Commissioned to lead Israel into Canaan, Joshua sent spies into Jericho who were protected from harm through the efforts of Rahab, a Canaanite woman who feared the Lord (Josh. 2). After crossing the Jordan River, the Israelites came to Jericho where Joshua had an encounter with one whom many consider a pre-incarnate manifestation of the Son of God (chap. 3–5).
Jericho, lying on the outer edge of the Promised Land, was a key city for the Israelites to conquer if they were to possess Canaan, which explains the lengthy treatment of the assault on the city in Joshua 6. As is customary in the ancient world, Jericho was a walled city, the wall being the chief means of defense against hostile armies. With this barrier, Jericho was well-equipped to endure a siege by foreign invaders, for those seeking to take the city had to get past the mighty wall.
Of course, this wall was no match for our formidable Creator, and we are all familiar with how He took it down. The people marched around Jericho with the ark once a day for six days while the priests blew trumpets continually (Josh. 6:1–14). According to God’s instruction, they marched around the city seven times on the seventh day, blowing the trumpet and then giving a shout, after which the walls fell down by the Lord’s power and the people conquered the city, destroying everyone and everything in it except Rahab and her family (vv. 15–27).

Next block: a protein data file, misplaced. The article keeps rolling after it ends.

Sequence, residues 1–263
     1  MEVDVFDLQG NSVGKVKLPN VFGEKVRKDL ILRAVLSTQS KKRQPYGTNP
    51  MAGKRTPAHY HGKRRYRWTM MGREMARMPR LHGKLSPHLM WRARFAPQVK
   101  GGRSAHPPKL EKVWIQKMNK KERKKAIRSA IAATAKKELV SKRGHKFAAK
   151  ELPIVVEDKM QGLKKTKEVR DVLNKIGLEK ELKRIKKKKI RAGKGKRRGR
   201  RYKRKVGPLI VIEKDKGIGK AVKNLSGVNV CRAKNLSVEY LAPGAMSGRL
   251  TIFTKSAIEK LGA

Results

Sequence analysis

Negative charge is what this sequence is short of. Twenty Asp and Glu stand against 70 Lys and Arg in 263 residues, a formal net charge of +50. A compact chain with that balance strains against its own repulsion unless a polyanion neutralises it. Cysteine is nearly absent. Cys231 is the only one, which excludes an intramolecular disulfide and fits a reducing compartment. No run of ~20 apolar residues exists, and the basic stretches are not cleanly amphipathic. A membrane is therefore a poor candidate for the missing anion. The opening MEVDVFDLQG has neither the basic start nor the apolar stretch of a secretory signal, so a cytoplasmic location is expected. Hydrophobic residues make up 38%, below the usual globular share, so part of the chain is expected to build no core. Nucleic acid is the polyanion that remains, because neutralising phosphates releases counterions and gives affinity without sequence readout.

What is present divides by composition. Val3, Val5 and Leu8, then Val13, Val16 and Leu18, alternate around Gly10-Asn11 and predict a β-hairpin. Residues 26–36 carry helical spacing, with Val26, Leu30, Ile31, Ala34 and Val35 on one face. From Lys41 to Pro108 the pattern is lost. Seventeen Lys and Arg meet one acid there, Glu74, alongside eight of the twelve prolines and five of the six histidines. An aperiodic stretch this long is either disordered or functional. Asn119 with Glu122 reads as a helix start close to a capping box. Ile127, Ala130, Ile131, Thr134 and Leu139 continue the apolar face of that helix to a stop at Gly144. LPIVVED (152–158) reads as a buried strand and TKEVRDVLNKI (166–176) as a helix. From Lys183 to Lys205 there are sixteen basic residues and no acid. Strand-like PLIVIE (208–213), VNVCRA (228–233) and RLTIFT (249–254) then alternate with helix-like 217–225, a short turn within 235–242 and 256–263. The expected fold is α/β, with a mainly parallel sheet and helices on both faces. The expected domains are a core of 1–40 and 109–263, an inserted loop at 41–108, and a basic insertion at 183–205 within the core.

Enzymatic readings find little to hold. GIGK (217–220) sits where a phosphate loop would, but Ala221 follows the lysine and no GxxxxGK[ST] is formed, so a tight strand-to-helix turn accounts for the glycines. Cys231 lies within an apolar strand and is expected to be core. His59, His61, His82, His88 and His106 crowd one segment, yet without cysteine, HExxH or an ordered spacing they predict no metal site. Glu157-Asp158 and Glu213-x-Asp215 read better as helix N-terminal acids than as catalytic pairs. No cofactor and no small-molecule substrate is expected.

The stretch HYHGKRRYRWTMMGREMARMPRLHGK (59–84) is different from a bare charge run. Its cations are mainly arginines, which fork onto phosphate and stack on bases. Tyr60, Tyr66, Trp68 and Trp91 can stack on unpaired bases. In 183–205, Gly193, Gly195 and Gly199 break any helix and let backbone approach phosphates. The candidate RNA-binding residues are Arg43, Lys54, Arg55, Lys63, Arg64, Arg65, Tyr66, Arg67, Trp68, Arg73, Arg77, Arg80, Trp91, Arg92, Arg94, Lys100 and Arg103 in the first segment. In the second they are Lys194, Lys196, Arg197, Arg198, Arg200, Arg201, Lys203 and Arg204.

This annihilation of even the animals and children has troubled many, but it was not an uncommon practice in ancient wars. More importantly, God as the giver of life has the authority to take it, and in the invasion of Canaan He charged His people to eliminate everything, not because Israel was intrinsically holy but because the pagans in Canaan earned it (Gen. 15:12–21). Yet Joshua and the Israelites did not determine their victims; rather, the Lord directed them to fight a holy war in Canaan limited both in scope and duration. God’s people have never been commanded to slaughter all their enemies on every occasion. Finally, the salvation of Rahab and her household shows that even the holy war against the Canaanites was not absolute. Those willing to turn from sin and serve Yahweh, the true creator God who revealed Himself to Israel, were to be spared.